If deciding to transition is one of the hardest decisions someone makes in their life, deciding to de-transition is arguably even harder. But the point of "real life experience" as it's known is precisely to find out whether living as a different gender is something you want to to do for the rest of your life. Sometimes you only figure things out by trying them. People make life-altering decisions in all sorts of ways. People get married, get divorced, take jobs and quit them, they move cross-country. Sometimes it's a bad decision, sometimes it's a bad decision that others can see but the person involved can't, sometimes it's what seemed like a good idea at the time, sometimes it's was a good decision that had unexpected consequences.
Why do people de-transition? Sometimes male-to-female transitioners can have unrealistic expectations about what life is going to be like as a woman, the sexism they have to live with -- in addition to the homophobia they can also encounter if their attraction to women means they go from being seen as straight men to being seen as lesbians. Needless to say the sports world probably wasn't friendliest place for MTF transitioner. Sometimes trans men discovered that while becoming men bring privilege it also brings burdens they'd never imagined. Likewise, they can under-estimate the hostility they encounter from some lesbians who angrily denounce them for switching teams. Likewise, sometimes people get stuck in being seen as trans woman not women (or trans men, not men). All of which can be too painful to handle. After all the point of transitioning is usually to make life easier, not more difficult.
Some do so because they can't find jobs as their desired gender, especially if there are children involved. Presumably that wasn't an issue in Penner's case, so I'm guessing he had other reasons for doing so. While I don't know Penner's reasons, I know friends of Penner who assure me that it's a exceedingly painful decision he made with a lot of thought and counseling.
It's possible Penner still sees himself as transsexual, but decided other things in his life -- such as a relationship -- were more important than transitioning. I know people who transitioned at a glacial pace, or who de-transitioned because of this.
It's possible Penner realized that he's a crossdresser, not a transsexual, and living as a woman part-time satisfies his needs. Part of the problem is that it's so difficult to explore gender. Crossdressers easily outnumber transsexuals 10:1, but the vast majority are so incredibly closeted they're the "dark matter" of the trans spectrum. For most crossdressers, life is akin to being gay or lesbian pre-Stonewall. I was exceedingly lucky that 1) I never felt guilty and shameful about my crossdressing like so many of my peers are; and 2) that when the need to express that side of myself that society deems "feminine" came on stronger than ever before in my late 30s -- like it does for so many others -- I was single, living alone and mostly working out of the house. Which meant I could more-or-less spend as much time en femme as I wanted to. For me, I discovered that after a certain amount of time en femme I hit a saturation point, and I'm happy to go back to being a guy. A friend of mine who firmly believed she was also "just a crossdresser" was in similar circumstances and ended up transitioning after realizing that she was essentially living full-time as a woman outside of work.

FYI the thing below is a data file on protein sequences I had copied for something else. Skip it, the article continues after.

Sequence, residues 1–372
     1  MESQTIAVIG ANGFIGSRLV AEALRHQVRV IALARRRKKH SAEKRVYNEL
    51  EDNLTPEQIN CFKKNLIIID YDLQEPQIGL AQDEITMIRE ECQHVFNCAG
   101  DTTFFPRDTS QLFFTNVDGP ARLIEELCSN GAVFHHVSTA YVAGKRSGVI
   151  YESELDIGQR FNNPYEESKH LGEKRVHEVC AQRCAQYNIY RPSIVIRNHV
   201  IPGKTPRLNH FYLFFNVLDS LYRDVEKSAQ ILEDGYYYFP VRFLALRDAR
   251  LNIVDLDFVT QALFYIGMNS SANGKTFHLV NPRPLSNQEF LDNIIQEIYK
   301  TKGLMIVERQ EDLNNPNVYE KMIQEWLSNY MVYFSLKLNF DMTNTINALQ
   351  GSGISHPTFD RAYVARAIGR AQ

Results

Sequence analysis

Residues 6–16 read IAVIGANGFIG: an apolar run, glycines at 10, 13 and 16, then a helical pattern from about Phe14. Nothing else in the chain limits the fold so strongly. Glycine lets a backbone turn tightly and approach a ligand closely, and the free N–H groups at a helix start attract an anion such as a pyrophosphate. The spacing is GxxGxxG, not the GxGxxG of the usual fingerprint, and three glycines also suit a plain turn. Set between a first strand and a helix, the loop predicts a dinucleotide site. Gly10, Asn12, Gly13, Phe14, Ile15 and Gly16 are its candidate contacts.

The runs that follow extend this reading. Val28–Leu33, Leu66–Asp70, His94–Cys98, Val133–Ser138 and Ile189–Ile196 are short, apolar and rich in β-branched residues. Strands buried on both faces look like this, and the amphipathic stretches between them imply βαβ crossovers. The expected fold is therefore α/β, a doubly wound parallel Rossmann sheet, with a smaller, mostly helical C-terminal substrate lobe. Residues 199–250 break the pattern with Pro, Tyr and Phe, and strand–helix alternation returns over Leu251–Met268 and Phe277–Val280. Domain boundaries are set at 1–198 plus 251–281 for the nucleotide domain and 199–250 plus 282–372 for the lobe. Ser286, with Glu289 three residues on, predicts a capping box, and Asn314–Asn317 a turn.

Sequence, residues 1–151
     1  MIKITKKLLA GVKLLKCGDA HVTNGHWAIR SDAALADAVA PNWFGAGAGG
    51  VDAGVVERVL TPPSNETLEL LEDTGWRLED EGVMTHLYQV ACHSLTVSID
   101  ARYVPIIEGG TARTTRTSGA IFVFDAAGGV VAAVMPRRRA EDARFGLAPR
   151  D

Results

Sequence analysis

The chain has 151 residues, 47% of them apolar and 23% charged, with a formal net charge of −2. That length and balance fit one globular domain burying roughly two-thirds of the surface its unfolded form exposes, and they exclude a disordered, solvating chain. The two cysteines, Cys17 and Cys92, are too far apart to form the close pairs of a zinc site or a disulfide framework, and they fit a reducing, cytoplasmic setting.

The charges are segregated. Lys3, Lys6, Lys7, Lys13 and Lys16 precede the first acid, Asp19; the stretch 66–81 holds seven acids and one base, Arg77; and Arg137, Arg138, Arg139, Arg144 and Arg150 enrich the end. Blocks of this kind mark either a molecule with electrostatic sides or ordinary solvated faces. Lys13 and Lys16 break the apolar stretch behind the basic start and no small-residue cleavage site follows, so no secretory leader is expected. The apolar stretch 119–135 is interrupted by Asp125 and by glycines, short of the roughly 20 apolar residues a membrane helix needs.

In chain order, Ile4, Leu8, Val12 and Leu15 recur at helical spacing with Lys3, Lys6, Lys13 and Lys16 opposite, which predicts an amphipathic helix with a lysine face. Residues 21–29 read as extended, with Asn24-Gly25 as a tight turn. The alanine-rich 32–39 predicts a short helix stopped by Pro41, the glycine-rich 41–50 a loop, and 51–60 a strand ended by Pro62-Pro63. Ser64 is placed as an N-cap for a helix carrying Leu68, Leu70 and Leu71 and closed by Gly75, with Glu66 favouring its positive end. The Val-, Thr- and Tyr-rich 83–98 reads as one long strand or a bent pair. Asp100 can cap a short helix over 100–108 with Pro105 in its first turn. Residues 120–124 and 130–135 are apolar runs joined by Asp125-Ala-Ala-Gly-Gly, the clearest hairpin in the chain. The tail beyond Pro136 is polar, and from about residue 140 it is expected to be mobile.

I hope one lesson people would learn from this is that it's OK to experiment with your gender; that it's OK to be uncertain about your gender; that being convinced you aren't gender A, doesn't inherently mean the only alternative is to become gender B. Because sadly, even within the trans communities, there's not always a lot of space between.
Crossdressers and other non-transitioners are all-too-often on the receiving end of the same sort of disrespect from transsexuals that bisexuals get from gays and lesbians. We're afraid to commit. We don't have the courage to come out. We're the little sisters tagging along and embarrassing them in front of all their friends. Etc. Etc. Announce that you're planning to transition and there'll usually be a round of "You go girl!" You rarely hear similar cheering when someone says that they've thought it through and figured out that they're "just a crossdresser." Likewise, I've heard comments that "oh, she must just not be ready," or that "she just needs more time." Which leaves me livid. Because it presume to know more about Penner's gender identity than he does, in the same way that some sports fan snarked about Daniels being a "man in dress." In the same way some transsexuals presume to know where I am on the gender spectrum. Sadly it's the people who've made the biggest messes of their own lives who seem the most determined to have their own choices validated in the lives of others, and who are the most vocal in encouraging others to follow blindly in their footsteps.
Which is precisely why I think that regardless of Penner's reasons we should salute him for the courage to make the hard -- and I suspect humiliating -- decision to change course after he decided transitioning didn't make sense for him. It's his life after all. Because question really isn't about whether one should transition or not -- the question to ask oneself is: what kind of life (one the addresses my transness) do I want, and who will be part of it?
Thursday, October 23, 2008
That's the way I'm trying to look at it anyway.
Last Friday, I was fired from my job. This was, unfortunately, not a surprise. I'd known for some time by then that I wasn't a management favorite and that fact was going to negatively impact my chances for promotion. It wasn't that I was actively disliked personally (at least I don't think so) but I do think management was scared shitless of me for reasons that had nothing to do with my job performance.